First, the LDS policy defining being in a gay marriage as “apostasy,” an excommunicable offense, and putting membership restrictions on children of gay-married parents. This was put in place in 2015 (rather secretly, a separate story in itself) then walked back (sort of) in 2019. Here is an NPR article that reviews the whole story and isn’t behind a paywall, but there are plenty of other places to read the story. The 2015 announcement and the strange way it was slipped into the Handbook was off-putting for many LDS. The interview a few days later by Elder Christofferson attempting to defend the policy was painful. Labelling it a “revelation” a couple of months later didn’t seem to solve anything. Then the apparent reversal in 2019 made people even more confused, as if God changed His mind twice in four years. It was a self-inflicted crisis that became a mismanaged crisis, all to little or no benefit to the Church.

Second, the hundred billion dollar fund. Oops, we didn’t tell you about that? Well of course they didn’t tell us. The Church hasn’t released financial statements publicly since roughly the 1950s, although (and this is truly bizarre) they continue to issue a so-called audit report telling the membership that the financial statements they are not allowed to see do, in fact, fairly state the financial revenue and expenditures, as well as the financial position, of the Church. Perhaps the most telling anecdote I heard in connection with the awkward public disclosure of the size of the huge secret LDS investment fund was that Elder Packer attempted to get information about the fund at one point, but was denied access. So of course you and I didn’t know anything about it. Even Elder Packer didn’t know much. I think LDS leadership credibility and candor took a big hit with this recent revelation. To put it bluntly, if they’ll hide a hundred billion dollars, they’ll hide anything, so what else are they hiding?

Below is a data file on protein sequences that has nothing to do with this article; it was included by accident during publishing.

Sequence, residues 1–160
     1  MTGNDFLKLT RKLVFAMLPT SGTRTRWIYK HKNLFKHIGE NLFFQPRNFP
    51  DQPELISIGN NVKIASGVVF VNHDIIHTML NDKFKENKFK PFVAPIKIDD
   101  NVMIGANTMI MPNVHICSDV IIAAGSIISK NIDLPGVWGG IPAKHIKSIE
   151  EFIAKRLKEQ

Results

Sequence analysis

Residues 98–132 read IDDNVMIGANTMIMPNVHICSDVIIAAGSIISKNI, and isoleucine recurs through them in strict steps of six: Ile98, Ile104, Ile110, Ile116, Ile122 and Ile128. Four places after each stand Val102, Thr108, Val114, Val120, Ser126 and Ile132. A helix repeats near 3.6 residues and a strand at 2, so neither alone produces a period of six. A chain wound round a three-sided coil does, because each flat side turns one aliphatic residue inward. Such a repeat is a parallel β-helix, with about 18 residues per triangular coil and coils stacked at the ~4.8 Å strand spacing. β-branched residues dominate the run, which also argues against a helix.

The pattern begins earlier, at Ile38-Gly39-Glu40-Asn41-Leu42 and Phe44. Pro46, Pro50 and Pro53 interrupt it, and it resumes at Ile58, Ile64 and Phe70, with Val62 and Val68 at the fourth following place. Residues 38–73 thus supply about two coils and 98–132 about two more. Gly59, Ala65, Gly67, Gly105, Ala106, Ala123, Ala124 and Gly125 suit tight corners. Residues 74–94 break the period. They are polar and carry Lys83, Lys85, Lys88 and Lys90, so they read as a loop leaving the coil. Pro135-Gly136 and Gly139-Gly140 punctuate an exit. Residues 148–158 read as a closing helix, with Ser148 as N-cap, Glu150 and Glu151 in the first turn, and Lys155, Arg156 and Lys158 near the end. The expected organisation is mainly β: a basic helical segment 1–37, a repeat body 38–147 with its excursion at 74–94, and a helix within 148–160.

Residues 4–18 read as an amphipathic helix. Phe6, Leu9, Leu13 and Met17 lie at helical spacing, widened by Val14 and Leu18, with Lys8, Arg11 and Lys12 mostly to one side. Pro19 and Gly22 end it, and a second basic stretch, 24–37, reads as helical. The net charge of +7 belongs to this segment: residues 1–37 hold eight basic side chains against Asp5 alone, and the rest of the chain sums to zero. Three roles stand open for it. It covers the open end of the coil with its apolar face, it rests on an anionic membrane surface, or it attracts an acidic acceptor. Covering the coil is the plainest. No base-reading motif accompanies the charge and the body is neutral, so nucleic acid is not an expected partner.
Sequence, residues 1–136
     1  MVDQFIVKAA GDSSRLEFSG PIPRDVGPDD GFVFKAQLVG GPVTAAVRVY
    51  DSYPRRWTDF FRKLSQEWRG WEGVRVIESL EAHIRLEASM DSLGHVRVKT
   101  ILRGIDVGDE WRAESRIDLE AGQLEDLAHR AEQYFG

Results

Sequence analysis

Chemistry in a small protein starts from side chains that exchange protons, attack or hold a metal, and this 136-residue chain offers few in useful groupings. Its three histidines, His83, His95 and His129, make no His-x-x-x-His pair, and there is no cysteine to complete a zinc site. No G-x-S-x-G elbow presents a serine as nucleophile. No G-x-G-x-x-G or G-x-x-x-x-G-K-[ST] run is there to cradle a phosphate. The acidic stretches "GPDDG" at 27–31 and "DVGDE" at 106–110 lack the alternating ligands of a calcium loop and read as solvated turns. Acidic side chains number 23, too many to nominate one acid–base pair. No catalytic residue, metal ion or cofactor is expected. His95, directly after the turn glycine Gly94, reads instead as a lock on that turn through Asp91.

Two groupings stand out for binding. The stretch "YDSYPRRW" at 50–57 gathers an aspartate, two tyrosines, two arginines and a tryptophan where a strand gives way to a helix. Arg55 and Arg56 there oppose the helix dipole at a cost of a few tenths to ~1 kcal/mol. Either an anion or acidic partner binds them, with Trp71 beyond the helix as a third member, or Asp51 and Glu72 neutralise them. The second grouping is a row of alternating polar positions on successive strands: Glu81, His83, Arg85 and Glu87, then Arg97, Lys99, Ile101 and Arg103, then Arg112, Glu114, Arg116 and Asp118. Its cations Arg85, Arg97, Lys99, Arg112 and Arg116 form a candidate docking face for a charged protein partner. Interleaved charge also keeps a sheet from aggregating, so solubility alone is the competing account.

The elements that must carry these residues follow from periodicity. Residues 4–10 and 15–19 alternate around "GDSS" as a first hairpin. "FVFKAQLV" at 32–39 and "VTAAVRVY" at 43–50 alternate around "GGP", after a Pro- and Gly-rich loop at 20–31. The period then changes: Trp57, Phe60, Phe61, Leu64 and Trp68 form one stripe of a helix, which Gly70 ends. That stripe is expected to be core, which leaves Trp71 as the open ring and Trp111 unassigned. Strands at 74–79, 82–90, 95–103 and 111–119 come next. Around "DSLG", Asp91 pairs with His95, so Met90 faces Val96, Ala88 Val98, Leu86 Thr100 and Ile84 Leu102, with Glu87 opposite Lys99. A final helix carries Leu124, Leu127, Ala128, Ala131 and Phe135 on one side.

Now it’s not at all clear that the general membership of the Church felt any loss of credibility toward the leadership about these or any other issues. That’s part of what I am asking here.

  • Did your view of the credibility of the Church as in institution or of the leadership of the Church take a hit over these recent episodes?
  • Were there any other recent events that might have had this effect for you?
  • Do you think the average active and attending member of the Church had any such reaction to these or other recent events?
  • If not, what sort of event could possibly call LDS credibility into question for the average active member?

Let me throw in a quick disclaimer. I’m not suggesting you *should* think the Church has a credibility problem because of these or other events. Maybe you do, maybe you don’t. I’m sure there are Green Bay Packer fans who bristle at the widespread reaction that Aaron Rodgers misled or flat out lied to the public, put some members of the public (like journalists in the press room) at risk, or let down his teammates (with Rodgers, his team would most likely have beaten a surprisingly weak Kansas City team on Sunday). And I’m sure there are LDS who see no problem whatsoever with anything the Church does or with anything any LDS leaders have said.

As a final thought, let me add the truly strange observation that the publication of the Gospel Topics Essays probably caused more questioning and heartache among the general membership of the Church than either of the two events I have noted above, or any other event you might raise in the comments (seer stone photo in the Ensign, Book of Abraham “translation,” etc.). For the average Mormon, salting away a hundred billion dollars or scapegoating gays and their children are no problem at all — but making a good faith attempt to set out a more accurate account of LDS history and doctrine on various troubling issues, that’s a big problem. Imagine being a random Seventy who is chatting with an Apostle and hearing this comment: “I’m a little surprised more members weren’t troubled by our Hundred Billion Dollar Fund. Some of them were even proud the Church managed to save up so much money for a rainy day. But wow, those Essays sure stirred up some trouble …”